Top GSA official tried to hide report on Vegas bash

Wanted to avoid ‘muffin’ scandal

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A top administrator at the General Services Administration who worked on President Obama’s presidential transition team sought to keep secret the agency report that uncovered massive waste at a lavish taxpayer-funded GSA conference in Las Vegas, records show.

The 2010 conference, which cost $823,000 and featured a mind-reader, clowns, magicians and a red-carpet party, forced the ouster of several top GSA officials after the agency’s Office of Inspector General released its findings in April.

But months earlier, as word of the report was circulating among GSA officials, Ruth F. Cox, the agency’s regional administrator for several Western states, contacted a colleague in Washington asking what could be done to shield the report from public view.

READ MORE: Click here for an inside look at the Las Vegas conference.

“Is there something we can do to prevent another potential embarrassing episode from unfolding and keep this report from being made public?” she asked in an email obtained by The Washington Times.

Ms. Cox also expressed concern that the inspector general’s report was not entirely correct, though officials now say her comments were made before she saw the final report.

“We don’t need another $16 muffin public allegation that is eventually proven wrong and the damage is already done (and exacerbated by making a false allegation),” she wrote in an email she deemed “highly confidential.”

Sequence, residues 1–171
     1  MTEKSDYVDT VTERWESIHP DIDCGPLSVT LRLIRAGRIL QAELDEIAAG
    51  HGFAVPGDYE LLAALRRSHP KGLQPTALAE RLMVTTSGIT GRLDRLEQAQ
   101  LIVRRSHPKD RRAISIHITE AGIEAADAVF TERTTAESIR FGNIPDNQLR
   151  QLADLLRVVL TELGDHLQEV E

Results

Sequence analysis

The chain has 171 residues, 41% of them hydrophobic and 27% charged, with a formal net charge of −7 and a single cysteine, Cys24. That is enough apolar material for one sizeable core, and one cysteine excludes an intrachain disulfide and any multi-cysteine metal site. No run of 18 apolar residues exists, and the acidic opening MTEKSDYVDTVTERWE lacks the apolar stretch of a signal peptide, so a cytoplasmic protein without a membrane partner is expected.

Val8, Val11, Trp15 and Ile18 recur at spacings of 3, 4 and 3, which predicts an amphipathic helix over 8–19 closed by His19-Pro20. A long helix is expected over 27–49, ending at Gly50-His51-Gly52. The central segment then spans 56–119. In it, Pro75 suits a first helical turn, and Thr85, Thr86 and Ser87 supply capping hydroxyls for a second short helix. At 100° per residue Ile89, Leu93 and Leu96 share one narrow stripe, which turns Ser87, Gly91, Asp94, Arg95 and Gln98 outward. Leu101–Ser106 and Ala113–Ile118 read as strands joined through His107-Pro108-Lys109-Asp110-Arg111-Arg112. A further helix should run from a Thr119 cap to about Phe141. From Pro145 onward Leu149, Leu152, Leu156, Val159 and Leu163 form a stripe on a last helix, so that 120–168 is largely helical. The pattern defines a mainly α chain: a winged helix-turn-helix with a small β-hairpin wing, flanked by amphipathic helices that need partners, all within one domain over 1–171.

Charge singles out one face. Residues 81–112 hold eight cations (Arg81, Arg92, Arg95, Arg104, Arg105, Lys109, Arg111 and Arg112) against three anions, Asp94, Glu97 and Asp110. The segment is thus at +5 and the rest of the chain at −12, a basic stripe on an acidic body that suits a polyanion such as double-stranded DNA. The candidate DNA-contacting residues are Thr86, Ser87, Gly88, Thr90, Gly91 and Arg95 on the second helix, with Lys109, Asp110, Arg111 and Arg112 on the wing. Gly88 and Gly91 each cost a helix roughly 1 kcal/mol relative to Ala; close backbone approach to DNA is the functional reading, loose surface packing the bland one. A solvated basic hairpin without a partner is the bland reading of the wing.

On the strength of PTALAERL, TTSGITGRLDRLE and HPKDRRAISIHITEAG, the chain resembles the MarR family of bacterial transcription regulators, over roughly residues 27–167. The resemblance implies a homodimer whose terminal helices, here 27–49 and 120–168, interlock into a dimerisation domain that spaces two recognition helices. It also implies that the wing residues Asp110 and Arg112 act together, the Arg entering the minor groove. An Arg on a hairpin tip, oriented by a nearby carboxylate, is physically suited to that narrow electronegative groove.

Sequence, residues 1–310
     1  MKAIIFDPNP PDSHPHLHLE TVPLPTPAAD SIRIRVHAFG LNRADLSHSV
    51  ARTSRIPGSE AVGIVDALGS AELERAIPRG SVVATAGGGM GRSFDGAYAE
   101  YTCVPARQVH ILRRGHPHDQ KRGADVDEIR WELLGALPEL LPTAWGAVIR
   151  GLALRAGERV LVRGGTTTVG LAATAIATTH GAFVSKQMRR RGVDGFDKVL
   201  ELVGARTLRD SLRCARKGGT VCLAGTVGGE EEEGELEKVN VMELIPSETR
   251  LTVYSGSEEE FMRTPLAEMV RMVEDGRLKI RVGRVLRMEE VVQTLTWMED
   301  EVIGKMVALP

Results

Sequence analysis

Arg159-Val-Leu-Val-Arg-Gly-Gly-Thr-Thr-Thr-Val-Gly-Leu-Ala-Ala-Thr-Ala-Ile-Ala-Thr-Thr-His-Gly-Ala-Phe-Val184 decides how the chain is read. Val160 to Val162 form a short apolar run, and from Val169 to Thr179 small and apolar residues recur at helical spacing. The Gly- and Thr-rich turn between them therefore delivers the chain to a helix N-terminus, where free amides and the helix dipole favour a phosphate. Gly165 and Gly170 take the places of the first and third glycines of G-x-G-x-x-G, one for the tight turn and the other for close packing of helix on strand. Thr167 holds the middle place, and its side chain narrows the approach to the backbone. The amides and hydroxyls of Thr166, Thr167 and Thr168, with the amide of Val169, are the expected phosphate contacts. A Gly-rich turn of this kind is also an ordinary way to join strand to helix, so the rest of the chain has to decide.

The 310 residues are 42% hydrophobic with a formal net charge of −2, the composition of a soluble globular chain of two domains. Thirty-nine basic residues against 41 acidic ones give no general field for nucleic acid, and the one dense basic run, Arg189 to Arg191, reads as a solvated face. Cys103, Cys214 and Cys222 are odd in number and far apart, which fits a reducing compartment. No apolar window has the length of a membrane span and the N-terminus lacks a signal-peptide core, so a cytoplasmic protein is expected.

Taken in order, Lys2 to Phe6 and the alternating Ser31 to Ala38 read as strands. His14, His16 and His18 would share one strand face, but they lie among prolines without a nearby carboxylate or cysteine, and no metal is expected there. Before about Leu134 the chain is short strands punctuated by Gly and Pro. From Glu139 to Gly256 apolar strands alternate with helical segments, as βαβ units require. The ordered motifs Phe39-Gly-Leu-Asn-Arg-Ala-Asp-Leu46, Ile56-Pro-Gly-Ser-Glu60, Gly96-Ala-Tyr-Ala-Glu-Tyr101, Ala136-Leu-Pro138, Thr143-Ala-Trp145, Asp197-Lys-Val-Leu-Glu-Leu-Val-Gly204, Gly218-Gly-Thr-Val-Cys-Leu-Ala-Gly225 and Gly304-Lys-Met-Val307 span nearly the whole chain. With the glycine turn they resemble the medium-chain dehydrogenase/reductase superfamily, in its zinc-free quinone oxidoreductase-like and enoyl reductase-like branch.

Ms. Cox was referring to a report by the Justice Department’s Office of Inspector General, which reviewed conference expenditures and later retracted one widely publicized finding concerning muffins initially reported to have cost $16 each.

Adam Elkington, an agency spokesman, said Tuesday that Ms. Cox made the comments in the email before the release of the inspector general’s report and before “having any knowledge of the findings.”

GSA, including Ms. Cox, is appalled by the missteps highlighted in the IG’s report and have taken disciplinary action against those responsible, accepted all of the IG’s recommendations and continue to take steps to ensure this never happens again,” Mr. Elkington wrote in an email to The Times.

“We welcome oversight and will continue to be guided by the highest level of transparency. GSA’s new Acting Administrator Dan Tangherlini initiated a top-to-bottom review of our agency’s operations. GSA remains committed to eliminating excessive federal spending and promoting government efficiency.”

In the email, Ms. Cox also referred to Jeffrey Neely, former acting administrator for the region, who played a key role in organizing the conference and was seen on video boasting about how much fun the federal workers were having in Las Vegas.

“I know Susan is not happy that Jeff received a relatively high performance evaluation and bonus given what transpired with the Western Regional Conference, but my concern at this point is not Jeff but the agency and the administration,” Ms. Cox wrote. “Making this public to punish Jeff with a side effect of unnecessarily exposing the agency doesn’t make sense to me.”

In her email, Ms. Cox also said she shared concerns within the agency about Mr. Neely, who was facing scrutiny because of his agency-funded trips to Hawaii and other Pacific destinations.

The correspondence reflects early recognition within GSA about the potential impact of public disclosure and embarrassment for the administration. Officials were right to be concerned. Among those forced out in the wake of the scandal were former GSA Commissioner Martha Johnson; a top adviser, Stephen Leeds; and Robert Peck, chief of GSA’s Public Buildings Service.

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